Lodato was an astounding football player and had the achievements to prove it. Overall, he was a four-time letter winner in football, four-time Academic All-American, and an All-NESCAC selection. Then, in his senior year, he was a proud captain and won the Luke Yohan award, as well as the Scholar-Athlete award. The game that stuck with him the most out of his entire football career was a home game against Williams in his junior year. For some background, Wesleyan's football team had fiercely beat them during Lodato's freshman year. The following season, Williams trounced them as payback. For Wesleyan's third encounter with Williams, Wesleyan had graduated a lot of outstanding players and we were considered a younger team. At that time, Williams had been ranked nationally in Division III and came to Middletown thinking they would roll all over the Cardinals. Much to the Ephs' surprise, Wesleyan beat them 33-28, which was one of the greatest victories that Lodato had ever enjoyed. This game was extremely memorable to Lodato because many football alums had come to watch, and the joy from all of them was palpable. This extreme feeling of happiness didn't really sink in until years later when Lodato got to watch his team win the Little Three for the first time in many years, as both a fan and alum.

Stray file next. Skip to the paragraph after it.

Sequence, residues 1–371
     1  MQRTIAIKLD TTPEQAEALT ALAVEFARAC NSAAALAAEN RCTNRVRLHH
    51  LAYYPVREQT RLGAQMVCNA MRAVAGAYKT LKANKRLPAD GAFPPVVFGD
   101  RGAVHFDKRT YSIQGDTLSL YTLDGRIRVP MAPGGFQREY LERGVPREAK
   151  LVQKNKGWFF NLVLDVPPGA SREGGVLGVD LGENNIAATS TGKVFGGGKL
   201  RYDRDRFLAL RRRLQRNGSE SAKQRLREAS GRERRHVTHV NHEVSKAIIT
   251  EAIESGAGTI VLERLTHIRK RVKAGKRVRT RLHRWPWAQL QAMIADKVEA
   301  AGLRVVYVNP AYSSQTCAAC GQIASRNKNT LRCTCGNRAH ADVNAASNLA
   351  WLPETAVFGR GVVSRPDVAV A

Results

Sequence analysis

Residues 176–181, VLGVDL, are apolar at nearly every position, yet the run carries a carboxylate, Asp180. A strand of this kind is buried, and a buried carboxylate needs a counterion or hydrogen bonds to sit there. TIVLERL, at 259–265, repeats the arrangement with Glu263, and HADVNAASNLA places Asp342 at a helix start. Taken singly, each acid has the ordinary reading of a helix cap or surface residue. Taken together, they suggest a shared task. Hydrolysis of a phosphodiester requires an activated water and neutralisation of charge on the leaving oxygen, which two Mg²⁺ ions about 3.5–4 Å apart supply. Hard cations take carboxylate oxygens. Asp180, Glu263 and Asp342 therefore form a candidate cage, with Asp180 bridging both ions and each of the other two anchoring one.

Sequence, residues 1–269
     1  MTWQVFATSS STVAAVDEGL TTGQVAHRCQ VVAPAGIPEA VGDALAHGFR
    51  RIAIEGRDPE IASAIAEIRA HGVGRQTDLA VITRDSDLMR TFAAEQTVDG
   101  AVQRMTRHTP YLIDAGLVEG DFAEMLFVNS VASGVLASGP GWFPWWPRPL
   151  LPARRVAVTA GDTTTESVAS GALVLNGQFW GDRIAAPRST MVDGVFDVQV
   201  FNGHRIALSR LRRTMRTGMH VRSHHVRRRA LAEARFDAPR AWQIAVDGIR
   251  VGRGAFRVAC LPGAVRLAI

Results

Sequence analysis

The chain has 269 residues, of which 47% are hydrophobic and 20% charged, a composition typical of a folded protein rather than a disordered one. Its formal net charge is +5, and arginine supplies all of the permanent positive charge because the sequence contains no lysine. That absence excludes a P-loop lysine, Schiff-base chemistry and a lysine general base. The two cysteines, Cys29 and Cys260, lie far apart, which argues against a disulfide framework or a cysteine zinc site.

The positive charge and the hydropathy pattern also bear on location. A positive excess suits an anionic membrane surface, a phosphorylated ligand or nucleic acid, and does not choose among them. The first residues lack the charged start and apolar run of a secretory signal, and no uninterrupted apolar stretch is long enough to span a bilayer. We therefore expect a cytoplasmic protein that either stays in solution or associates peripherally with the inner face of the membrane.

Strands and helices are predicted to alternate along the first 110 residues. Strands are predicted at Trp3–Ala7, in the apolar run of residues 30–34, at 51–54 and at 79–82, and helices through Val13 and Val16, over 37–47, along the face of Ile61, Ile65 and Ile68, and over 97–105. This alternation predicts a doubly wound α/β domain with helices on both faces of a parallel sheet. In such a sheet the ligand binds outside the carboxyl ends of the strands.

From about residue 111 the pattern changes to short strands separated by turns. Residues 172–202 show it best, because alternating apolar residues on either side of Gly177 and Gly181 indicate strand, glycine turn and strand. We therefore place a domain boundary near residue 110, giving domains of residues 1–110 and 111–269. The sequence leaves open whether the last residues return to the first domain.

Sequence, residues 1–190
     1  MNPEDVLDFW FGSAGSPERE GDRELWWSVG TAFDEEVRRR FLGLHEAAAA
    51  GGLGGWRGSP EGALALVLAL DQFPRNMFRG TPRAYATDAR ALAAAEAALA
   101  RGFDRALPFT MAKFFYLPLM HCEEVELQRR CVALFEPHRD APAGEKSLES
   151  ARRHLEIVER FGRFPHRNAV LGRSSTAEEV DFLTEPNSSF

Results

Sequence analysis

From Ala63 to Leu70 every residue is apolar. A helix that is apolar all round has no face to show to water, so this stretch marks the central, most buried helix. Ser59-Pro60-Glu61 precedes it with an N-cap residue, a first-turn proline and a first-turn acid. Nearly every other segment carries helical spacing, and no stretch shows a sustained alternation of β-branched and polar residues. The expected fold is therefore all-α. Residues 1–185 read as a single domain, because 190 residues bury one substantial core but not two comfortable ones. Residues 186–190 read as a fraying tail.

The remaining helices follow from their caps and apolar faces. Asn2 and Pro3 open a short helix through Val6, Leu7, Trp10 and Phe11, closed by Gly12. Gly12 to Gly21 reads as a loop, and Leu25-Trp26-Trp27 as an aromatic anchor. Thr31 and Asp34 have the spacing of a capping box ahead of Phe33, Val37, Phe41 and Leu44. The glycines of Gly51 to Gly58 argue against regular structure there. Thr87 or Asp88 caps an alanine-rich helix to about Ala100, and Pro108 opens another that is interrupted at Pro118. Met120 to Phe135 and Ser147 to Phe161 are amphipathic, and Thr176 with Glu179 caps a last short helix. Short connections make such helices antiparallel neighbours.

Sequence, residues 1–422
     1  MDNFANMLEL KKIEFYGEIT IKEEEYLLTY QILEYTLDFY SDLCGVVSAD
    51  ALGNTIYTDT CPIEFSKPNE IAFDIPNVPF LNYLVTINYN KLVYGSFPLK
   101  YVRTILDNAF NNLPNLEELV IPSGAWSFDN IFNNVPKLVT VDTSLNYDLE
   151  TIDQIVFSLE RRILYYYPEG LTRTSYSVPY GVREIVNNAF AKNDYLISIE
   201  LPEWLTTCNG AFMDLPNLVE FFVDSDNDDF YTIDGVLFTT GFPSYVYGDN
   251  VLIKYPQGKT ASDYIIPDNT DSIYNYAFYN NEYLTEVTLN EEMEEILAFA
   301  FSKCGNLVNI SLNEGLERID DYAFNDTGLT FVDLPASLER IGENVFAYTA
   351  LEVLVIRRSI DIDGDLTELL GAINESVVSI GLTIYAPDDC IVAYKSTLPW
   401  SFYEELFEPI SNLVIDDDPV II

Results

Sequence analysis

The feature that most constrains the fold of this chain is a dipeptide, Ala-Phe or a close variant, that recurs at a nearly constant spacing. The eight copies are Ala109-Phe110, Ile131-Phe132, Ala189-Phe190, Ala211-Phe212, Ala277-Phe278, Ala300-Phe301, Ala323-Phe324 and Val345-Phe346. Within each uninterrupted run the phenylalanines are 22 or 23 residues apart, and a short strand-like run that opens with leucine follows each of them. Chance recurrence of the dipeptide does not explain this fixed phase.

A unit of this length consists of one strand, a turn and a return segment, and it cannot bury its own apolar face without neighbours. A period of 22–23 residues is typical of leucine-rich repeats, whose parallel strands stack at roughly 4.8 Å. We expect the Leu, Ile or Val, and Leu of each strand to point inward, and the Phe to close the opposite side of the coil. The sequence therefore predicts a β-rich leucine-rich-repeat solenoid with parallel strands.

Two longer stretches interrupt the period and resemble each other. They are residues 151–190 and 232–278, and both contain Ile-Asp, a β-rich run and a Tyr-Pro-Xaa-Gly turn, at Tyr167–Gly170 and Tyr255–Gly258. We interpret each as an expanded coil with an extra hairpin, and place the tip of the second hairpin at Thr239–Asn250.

Although Lodato received a great education and an even greater college experience filled with competitive football and making new friends, he says the best thing that happened to him at our beloved school was meeting his wife on the porch of In Town 25.

Whether it was working towards a job in the medical field, bringing his best athletic skills to every football game he ever played or connecting with students who were different than him, Nick Lodato had a vivaciousness to him that helped him navigate the world during his time at Wesleyan and the years after.